ASSOCIATED PRESS: Statistics show about 16 percent of low-income Alabama preschoolers are obese, and the problem is getting worse.
A report based on 2014 statistics from the Women, Infants and Children feeding program shows that 16.3 percent of children ages 2 to 4 in the program were obese.
That’s an increase from about 14 percent of children in 2000, when Alabama was ranked 18th nationally in the obesity statistics.
The state is now ranked 10th nationally, and statistics show the problem is getting worse. Nationally, the obesity rate about 2- to 4-year-olds is on the decline.
The report was released by the Robert Wood Johnson Foundation and the Trust for America’s Health. Rates decreased in 31 states, increased in four, and remained the same in the rest from 2010 to 2014.
- Low-income neighborhoods frequently lack full-service grocery stores and farmers’ markets where residents can buy a variety of high-quality fruits, vegetables, whole grains, and low-fat dairy products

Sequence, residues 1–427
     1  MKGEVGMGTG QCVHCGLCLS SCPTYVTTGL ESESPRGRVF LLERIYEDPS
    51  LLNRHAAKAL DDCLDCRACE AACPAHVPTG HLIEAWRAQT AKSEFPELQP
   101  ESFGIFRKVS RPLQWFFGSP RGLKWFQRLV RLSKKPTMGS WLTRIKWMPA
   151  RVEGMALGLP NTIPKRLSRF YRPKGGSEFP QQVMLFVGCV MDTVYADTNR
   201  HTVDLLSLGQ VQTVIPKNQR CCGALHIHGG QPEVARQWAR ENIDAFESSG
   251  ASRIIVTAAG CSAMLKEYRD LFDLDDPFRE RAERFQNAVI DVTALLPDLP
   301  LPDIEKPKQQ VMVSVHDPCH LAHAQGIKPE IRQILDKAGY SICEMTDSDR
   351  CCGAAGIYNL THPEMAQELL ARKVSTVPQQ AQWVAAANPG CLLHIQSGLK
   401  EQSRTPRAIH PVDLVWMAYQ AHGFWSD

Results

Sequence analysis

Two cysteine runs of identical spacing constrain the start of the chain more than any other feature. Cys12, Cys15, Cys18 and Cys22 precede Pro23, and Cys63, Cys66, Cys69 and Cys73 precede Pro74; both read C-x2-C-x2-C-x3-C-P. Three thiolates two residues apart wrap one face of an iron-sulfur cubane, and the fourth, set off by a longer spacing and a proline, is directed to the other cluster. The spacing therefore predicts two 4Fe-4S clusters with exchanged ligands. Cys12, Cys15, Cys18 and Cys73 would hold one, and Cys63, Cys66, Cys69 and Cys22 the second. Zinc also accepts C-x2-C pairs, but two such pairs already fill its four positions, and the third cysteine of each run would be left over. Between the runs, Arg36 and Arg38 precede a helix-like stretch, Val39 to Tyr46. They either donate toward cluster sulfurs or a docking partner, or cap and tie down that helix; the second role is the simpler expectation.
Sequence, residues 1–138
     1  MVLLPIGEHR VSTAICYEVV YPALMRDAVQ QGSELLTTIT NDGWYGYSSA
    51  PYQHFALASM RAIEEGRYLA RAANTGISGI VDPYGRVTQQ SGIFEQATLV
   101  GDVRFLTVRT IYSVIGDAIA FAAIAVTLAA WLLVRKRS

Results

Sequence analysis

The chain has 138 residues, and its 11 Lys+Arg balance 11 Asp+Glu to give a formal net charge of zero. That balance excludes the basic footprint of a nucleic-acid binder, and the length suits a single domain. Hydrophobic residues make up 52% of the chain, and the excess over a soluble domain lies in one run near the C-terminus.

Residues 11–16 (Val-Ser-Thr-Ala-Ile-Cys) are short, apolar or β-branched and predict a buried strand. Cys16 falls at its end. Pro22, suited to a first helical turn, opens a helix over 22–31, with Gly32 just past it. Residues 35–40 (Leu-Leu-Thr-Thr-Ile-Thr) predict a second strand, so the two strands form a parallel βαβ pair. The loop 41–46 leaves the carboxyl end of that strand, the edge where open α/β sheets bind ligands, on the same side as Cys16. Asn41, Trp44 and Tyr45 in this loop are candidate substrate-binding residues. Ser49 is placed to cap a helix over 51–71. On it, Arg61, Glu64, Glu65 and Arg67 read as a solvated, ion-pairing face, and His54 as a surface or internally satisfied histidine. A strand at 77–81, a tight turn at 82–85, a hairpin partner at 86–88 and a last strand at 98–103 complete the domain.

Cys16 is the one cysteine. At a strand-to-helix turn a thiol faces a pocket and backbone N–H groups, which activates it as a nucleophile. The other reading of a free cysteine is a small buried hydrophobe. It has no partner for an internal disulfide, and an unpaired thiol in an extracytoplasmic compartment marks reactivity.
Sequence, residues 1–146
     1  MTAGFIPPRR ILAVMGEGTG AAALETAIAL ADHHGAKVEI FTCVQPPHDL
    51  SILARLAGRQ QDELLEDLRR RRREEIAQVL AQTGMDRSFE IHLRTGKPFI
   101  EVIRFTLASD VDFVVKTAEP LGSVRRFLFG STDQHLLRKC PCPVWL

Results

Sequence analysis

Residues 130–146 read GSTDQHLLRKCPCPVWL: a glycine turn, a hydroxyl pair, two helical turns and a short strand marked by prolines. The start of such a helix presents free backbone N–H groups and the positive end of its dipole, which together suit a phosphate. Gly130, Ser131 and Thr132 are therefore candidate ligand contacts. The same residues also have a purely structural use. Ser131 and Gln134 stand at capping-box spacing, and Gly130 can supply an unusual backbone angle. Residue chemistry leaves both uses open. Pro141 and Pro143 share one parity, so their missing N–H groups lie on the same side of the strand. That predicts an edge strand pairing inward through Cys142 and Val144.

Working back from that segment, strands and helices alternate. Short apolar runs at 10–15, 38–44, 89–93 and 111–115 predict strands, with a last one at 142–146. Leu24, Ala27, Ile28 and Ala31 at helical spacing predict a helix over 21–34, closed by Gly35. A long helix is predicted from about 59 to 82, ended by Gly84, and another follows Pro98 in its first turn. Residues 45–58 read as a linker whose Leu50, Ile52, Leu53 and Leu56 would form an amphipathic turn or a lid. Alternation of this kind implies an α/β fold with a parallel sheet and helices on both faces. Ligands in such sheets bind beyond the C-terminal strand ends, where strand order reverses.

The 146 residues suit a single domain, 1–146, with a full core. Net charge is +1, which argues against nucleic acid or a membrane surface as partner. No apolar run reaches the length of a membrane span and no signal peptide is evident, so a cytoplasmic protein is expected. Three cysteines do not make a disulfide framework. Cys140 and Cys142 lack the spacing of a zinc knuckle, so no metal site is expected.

- According to USDA, “vehicle access is perhaps the most important determinant of whether or not a family can access affordable and nutritious food”
- When available, healthy food may be more expensive in terms of the monetary cost as well as (for perishable items) the potential for waste, whereas refined grains, added sugars, and fats are generally inexpensive, palatable, and readily available in low-income communities
- Low-income communities have greater availability of fast food restaurants, especially near schools
- Those who are eating less or skipping meals to stretch food budgets may overeat when food does become available, resulting in chronic ups and downs in food intake that can contribute to weight gain
- Crime, traffic, and unsafe playground equipment are common barriers to physical activity in low-income communities
- Low-income children are less likely to participate in organized sports